U.S. sports media remain overwhelmingly White. These are the folk who on a daily basis decide what’s reported and what makes the sports pages.
The Institute for Diversity and Ethics in Sport (TIDES) released in late September its 2021 Sports Media Racial and Gender Report, an analysis of over 100 newspapers and websites. TIDES gave media a B+ for racial hiring and an F for gender hiring. The overall C grade is up from a D+ in 2018.
“It is critically important to have diverse voices from different backgrounds in the media covering various sports and athletes,” wrote TIDES Executive Director Richard Lapchick. He noted “significant racial increases” in various positions since the last report in 2018—assistant sports editors (22.6% to 27.7%), sports editors (15% to almost 21%), columnists (19.7 to 22.9%), and reporters (17.9% to 22.9%), as well as a small increase in copy editors/designers (22.3 to 23%)
Locally, the Star Tribune promoted its first Black columnist earlier this year—other than one Black reporter, it’s virtually all White. Same for the all-White St. Paul Pioneer Press sports staff.
Chris Carr has been the Strib’s sports editor for three years. He told the MSR last week, “We are moving in the right direction” as far as diversity is concerned. “When I say where we want to be, I mean a more diverse set of perspectives and voices, making decisions and writing about sports in Minnesota.”
“I’ve been working hard to diversify the staff,” continued Carr, “but this is going to take a while to get to a spot where I think we want to be. When you want to change a staff of 40-plus people and you only get to hire essentially once a year, it’s going to take a while.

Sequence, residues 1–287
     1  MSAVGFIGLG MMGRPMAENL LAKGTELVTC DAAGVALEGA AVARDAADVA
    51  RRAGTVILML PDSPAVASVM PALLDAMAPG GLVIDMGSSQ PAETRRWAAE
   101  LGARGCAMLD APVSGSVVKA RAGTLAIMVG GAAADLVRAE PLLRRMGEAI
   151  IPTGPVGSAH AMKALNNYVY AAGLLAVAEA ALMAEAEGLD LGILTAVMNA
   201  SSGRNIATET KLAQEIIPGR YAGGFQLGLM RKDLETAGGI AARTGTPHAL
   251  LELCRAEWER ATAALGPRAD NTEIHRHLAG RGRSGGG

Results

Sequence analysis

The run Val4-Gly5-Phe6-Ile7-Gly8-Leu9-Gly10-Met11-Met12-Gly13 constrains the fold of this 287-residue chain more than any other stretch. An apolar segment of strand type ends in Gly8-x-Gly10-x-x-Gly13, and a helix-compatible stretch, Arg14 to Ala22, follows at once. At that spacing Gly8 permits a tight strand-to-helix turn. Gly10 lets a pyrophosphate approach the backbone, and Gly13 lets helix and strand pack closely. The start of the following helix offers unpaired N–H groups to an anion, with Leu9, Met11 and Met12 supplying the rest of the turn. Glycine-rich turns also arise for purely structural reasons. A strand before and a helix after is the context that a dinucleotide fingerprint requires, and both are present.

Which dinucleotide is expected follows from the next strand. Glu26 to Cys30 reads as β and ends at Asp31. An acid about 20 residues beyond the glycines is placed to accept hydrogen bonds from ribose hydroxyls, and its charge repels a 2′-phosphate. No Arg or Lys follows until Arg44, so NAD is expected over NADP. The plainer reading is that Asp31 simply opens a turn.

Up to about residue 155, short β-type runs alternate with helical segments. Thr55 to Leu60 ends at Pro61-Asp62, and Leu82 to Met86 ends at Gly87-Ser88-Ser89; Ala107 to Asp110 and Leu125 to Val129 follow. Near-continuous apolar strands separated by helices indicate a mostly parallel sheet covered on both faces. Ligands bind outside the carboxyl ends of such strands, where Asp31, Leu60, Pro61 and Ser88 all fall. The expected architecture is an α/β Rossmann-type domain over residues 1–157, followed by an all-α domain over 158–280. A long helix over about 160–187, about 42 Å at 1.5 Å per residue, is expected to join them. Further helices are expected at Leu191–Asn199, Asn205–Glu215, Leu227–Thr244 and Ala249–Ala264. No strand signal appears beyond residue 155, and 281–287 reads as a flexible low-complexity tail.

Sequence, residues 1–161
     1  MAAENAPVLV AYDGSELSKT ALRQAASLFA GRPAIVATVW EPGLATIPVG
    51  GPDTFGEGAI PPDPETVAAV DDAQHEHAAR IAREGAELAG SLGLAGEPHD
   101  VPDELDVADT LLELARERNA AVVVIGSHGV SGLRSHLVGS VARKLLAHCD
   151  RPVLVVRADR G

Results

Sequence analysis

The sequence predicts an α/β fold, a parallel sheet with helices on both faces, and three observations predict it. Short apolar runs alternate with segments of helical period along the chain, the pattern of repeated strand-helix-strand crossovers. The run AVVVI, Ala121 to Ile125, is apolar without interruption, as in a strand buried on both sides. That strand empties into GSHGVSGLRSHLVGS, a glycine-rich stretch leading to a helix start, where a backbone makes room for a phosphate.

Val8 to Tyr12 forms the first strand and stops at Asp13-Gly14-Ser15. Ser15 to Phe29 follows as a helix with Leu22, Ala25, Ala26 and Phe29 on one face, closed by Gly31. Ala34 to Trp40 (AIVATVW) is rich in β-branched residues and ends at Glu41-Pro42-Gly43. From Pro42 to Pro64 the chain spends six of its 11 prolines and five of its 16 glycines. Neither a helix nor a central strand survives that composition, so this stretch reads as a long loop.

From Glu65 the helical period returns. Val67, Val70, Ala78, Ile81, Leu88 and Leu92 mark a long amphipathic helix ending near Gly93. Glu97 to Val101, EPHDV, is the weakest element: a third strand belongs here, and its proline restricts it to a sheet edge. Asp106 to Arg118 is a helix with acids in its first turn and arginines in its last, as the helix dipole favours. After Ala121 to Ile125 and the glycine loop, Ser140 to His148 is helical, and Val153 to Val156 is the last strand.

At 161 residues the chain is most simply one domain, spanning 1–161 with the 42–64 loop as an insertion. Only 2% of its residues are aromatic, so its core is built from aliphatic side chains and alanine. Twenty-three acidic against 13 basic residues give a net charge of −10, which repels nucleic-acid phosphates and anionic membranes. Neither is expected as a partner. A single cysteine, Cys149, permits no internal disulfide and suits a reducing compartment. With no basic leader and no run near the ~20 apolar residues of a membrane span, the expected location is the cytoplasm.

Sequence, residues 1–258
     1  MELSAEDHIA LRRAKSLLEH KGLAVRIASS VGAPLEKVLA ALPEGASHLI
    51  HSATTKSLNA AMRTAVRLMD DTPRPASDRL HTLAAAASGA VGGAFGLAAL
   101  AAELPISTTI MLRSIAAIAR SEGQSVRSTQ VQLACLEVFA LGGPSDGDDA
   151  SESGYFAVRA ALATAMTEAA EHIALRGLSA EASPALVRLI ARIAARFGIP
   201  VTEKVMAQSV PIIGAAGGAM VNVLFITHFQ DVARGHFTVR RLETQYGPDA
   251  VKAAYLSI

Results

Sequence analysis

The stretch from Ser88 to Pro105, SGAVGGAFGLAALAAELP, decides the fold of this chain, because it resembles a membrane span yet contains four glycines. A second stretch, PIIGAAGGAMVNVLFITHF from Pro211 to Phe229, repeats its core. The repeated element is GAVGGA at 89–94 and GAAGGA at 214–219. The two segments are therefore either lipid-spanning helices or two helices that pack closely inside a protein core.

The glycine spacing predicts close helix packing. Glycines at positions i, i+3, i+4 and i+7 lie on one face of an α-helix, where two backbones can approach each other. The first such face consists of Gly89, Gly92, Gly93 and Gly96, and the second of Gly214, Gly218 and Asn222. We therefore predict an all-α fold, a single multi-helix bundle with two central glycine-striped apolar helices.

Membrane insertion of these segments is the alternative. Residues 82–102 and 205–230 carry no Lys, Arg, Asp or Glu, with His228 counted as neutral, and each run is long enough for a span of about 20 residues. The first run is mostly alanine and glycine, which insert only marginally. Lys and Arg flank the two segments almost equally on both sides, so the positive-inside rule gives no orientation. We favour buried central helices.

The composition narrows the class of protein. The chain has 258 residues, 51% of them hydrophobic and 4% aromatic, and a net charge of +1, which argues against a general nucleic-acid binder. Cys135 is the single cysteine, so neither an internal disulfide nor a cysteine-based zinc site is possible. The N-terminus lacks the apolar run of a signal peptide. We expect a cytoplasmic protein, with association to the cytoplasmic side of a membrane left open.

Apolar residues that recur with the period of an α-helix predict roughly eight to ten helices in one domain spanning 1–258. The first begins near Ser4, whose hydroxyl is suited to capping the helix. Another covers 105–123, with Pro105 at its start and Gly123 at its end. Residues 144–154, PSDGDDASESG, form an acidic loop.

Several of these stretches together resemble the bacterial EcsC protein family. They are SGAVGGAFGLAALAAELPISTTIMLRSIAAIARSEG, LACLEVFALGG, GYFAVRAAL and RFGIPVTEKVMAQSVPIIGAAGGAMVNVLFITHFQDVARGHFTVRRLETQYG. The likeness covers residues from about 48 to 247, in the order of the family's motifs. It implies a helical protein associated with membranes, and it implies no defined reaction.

“I think we have a group of reporters and editors in the Star Tribune sports department who understand that their main assignment is to cover the teams in our state extremely well, but that issues of justice and fairness are a part of everyone’s assignment,” he stressed. “I think we’ve shown a sharper focus on that in the last year and a half.”
It can’t be ignored that most sports editors nationwide are White males. This sometimes accounts for the great imbalance in sports coverage as far as women’s sports and female athletes are concerned, which makes up about 5% of the total sports coverage.
Asked if more female sports editors are needed, or at least more awareness among those males who are running sports desks deciding “Those that are going to be assigned and who’s going to be covered,” Lapchick told us, “You’re more likely to get better representation about women and women’s sports.”
The Hockey Diversity Alliance (HDA), founded in 2020, asked the NHL to sign an eight-point pledge to improve the league’s diversity and hiring efforts and fund grassroots initiatives. Last October, talks between the group and the NHL broke off.
The MSR last week asked HDA board member Matt Dumba about his group’s relationship with the NHL. “It’s kind of crazy to see all the work that we’ve done just in this past year,” replied the Minnesota Wild defenseman. “We want to make this atmosphere, this culture of hockey, we want to change it for the better.”
Dumba added, “It is a big hurdle. It’s not easy to get everyone on the same page. There’s a lot of good people that surround this game, so I think once more people see the goal that we’re cultivating, more people will get on board.”
NHL Commissioner Gary Bettman last week told the MSR that his league is moving forward in diversity but didn’t offer any specifics. “We’re working really hard to make sure that we make our game as inclusive and welcoming as possible,” said the commissioner, adding that he agrees with Dumba:
“It doesn’t happen overnight.”
Charles Hallman is a contributing reporter and award-winning sports columnist at the Minnesota Spokesman-Recorder.